- The Washington Times - Friday, April 20, 2001

The State Department yesterday warned Americans who have visited Taiwan or openly criticized the Chinese government that they face possible arrest by Chinese authorities if they set foot in China.
Though the warning was directed at all Americans, it said U.S. citizens and U.S. permanent residents of Chinese origin were especially at risk.
Two Americans of Chinese origin "are now being detained by Chinese authorities under suspicion of espionage or damaging Chinas national security, even though the Chinese government has not offered any evidence to substantiate these allegations," said the State Department announcement.
It said that even though the U.S. citizens had changed their names after naturalization or through marriage, they were identified and arrested by Chinese state security.
"The Department of State cautions Americans, especially Americans originally from China, that there may be a risk of being detained upon returning to China, if they have at any time engaged in activities or published writings critical of Chinese government policies," said the statement posted on the departments Internet site.
"In some cases, travel to Taiwan or involvement with Taiwan media organizations has apparently also been regarded as the equivalent of espionage," the statement said.
In addition to the two U.S. citizens currently under arrest, several more have been detained and questioned for up to four days before being released, said the announcement.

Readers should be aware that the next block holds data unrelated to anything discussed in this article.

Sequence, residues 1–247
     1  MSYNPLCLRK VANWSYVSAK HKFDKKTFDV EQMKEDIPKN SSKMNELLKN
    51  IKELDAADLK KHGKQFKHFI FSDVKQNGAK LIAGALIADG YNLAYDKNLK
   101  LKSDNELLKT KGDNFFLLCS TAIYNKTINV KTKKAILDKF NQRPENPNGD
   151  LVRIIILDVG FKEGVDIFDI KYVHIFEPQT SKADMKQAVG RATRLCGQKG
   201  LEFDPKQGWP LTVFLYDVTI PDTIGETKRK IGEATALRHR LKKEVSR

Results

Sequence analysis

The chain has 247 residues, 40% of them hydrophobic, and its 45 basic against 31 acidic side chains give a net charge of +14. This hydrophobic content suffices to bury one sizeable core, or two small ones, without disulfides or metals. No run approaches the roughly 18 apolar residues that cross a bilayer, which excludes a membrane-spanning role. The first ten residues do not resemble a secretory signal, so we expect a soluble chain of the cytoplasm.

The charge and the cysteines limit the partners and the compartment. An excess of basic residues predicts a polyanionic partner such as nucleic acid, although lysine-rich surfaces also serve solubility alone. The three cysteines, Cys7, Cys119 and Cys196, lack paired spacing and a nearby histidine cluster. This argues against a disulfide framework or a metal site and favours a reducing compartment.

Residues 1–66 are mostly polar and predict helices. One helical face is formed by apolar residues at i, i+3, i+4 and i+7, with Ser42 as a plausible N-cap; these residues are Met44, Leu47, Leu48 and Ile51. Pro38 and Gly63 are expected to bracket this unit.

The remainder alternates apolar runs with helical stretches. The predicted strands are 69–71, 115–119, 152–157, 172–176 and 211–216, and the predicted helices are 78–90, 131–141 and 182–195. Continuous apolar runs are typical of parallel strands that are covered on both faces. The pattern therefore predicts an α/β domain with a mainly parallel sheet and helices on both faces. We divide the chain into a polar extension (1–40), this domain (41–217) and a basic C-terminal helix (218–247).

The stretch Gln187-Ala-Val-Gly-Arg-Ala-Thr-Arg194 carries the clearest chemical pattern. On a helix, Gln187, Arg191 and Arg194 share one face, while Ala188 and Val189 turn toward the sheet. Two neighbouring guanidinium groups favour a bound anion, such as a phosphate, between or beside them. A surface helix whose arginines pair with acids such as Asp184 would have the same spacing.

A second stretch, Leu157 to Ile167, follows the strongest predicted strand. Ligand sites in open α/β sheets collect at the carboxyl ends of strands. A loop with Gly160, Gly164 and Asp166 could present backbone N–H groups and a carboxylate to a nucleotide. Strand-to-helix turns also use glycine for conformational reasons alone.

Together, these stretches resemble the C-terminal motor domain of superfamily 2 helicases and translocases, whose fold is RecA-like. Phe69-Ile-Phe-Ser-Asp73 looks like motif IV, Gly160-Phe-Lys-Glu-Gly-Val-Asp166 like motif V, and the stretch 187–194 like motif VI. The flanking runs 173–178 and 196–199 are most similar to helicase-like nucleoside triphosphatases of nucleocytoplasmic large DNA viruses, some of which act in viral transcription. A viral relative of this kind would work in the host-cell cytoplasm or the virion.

Another potential flash point in the tense relations between Washington and Beijing emerged yesterday when a spokesman for Taiwanese President Chen Shui-bian said the president hopes to stop in the United States as part of a planned Latin American tour next month.
Speaking to reporters in Taipei yesterday, the spokesman refused to confirm or deny reports in the local press that Mr. Chen and his delegation have asked to stop in New York City on May 21 and to return from Latin America via Houston in early June, saying only that talks between Washington and Taipei are still under way.
Beijing, which considers Taiwan a renegade province, has aggressively protested past visits by Taipei officials to the United States. In 1995, a visit by President Lee Teng-hui to Cornell University sparked a confrontation that culminated the following year when China staged war games in the Taiwan Strait and the Clinton administration dispatched two naval battle groups to the area.
Mr. Chen made a brief stop in Los Angeles in August, but Taiwanese officials complained that the U.S. government, under pressure from Beijing, sharply limited his activities and meetings with U.S. political figures.
State Department spokesman Richard Boucher said yesterday the Bush administration planned no changes on its handling of a possible Taiwanese presidential stopover.
"In terms of transits, the criteria we use are the same as weve always used: safety, comfort, convenience of the travelers. We dont have anything new to say on that," Mr. Boucher said.
He added that the department has not received a visa request from Mr. Lee, who is reportedly planning a return trip to Cornell next month.